“So what’s your rate?”
Four words that ruin the negotiations of the unprepared.
You’ve spent weeks chasing your dream client and it all hinges on this one, final reply.
Erm… $50? Maybe $75… No, $100. “One hundred dollars per article.”
Did the client notice your hesitation? Is $100 going to cover the work? Can you survive on this rate?
If I had to hazard a guess and answer the above I’d say yes, no and no.
Because I’ve been there and I know how making your rates up on the spot just doesn’t work. If you enter into a negotiation without knowing your rates you’re going to end up earning far less than you should. I’ve done it in the past and it sucks.
But here’s the good news. We can turn this around and have you prepared for all future negotiations by the end of this article.
Give me ten minutes and we’ll have a freelance rate sheet figured out so you never under charge again.
But You’ve Heard You Shouldn’t Use a Rate Sheet
Some say you should, some say you shouldn’t. I’m going to be awkward and say that there’s an element of truth for both arguments.
You do need a rate sheet, but you shouldn’t openly display it.
Having that wonderful little á la carte pricing menu makes quoting so much easier. A client asks how much you charge for a service, you look at your sheet and immediately know the range you should quote to earn a decent amount.
It also makes planning and invoicing a breeze. I’m not an accountant and whilst my mathematical prowess ain’t half bad, I need my invoicing to remain simple so I’m not wasting billable hours balancing my books.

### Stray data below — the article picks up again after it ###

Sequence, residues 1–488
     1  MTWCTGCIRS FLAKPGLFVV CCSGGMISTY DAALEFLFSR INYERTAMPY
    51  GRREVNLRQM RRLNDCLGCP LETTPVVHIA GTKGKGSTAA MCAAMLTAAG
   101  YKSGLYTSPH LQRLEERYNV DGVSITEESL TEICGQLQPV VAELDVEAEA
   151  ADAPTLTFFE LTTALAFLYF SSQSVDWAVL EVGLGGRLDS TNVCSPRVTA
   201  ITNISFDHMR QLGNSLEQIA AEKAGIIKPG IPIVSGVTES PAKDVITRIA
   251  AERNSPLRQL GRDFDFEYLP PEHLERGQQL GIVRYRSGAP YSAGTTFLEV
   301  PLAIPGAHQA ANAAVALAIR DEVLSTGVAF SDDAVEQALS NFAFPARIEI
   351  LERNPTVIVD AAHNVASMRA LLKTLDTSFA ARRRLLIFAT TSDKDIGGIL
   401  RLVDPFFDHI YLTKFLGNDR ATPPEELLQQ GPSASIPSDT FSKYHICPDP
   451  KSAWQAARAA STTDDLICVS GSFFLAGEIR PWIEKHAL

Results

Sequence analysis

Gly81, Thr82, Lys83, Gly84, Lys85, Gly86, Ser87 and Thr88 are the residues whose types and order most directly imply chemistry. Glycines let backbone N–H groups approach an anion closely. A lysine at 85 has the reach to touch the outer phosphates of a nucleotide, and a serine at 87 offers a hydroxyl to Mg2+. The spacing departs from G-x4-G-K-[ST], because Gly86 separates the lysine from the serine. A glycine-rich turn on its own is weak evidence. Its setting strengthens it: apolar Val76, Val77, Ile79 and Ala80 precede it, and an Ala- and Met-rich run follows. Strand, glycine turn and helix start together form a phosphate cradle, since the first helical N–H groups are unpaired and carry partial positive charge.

But, and here’s the key point, your freelance rate sheet is for your eyes only.
Anyone who says:
You need a rate sheet online for clients to take you seriously
You need a rate sheet or clients won’t contact you
Needs to be ignored.
You do need a rate sheet, but it’s for your reference only. Don’t put it online and don’t send it to clients?
Because Every Client is Different
Want to earn a flat rate for every single blog post you write? Does every single white paper require the same amount of work?
No. So why should they be priced the same?
Let’s say your rate sheet lists blog posts for $100 and attracts two prospects.
The first prospect needs 500 word articles with little to no research. You can bash these out in 45 minutes, not a bad rate.
Prospect number two needs 2000 word articles that require at least four references and maybe even an interview. These take a few hours each to complete. That $100 doesn’t sound so great now does it.
You talk to prospect number two saying these articles need a lot of attention and you’re going to have to charge a little more.
“That’s not what it says on your rate sheet.”
You’ve boxed yourself into an unfair rate with only two options. Make next to nothing for your work or lose the client.
Every job requires an individual quote, something you won’t be able to work out until you’ve spoken to the client and established their specific needs.
This is of course assuming you’re attracting clients, something I don’t think rate sheets help with because…
Freelance Rate Sheets Don’t Demonstrate Value
It’s a bunch of numbers with generic descriptions.
- Blog post – $50.
- Blog post and interview – $100
No one’s going to read that and think, ‘wow, this guy’s good’.
Sure you could jazz it up a little by adding some salesy type lingo to convince and persuade, but we all know a business owner is still going to use your fee as the deciding factor in their decision.
Landing clients ultimately comes down to how well you can hustle. Displaying your rates online makes it harder demonstrate the value that persuades prospects.
Prospects see your rates and make a snap decision. They’ll either:
- Balk at high rates
- See low rates and assume you’re crap
- Not want to negotiate on price
Instead of listing prices that cause snap decisions, demonstrate the value and benefits of using your service on your hire me page. Don’t mention price, focus on the results you’ll provide and get them to contact you.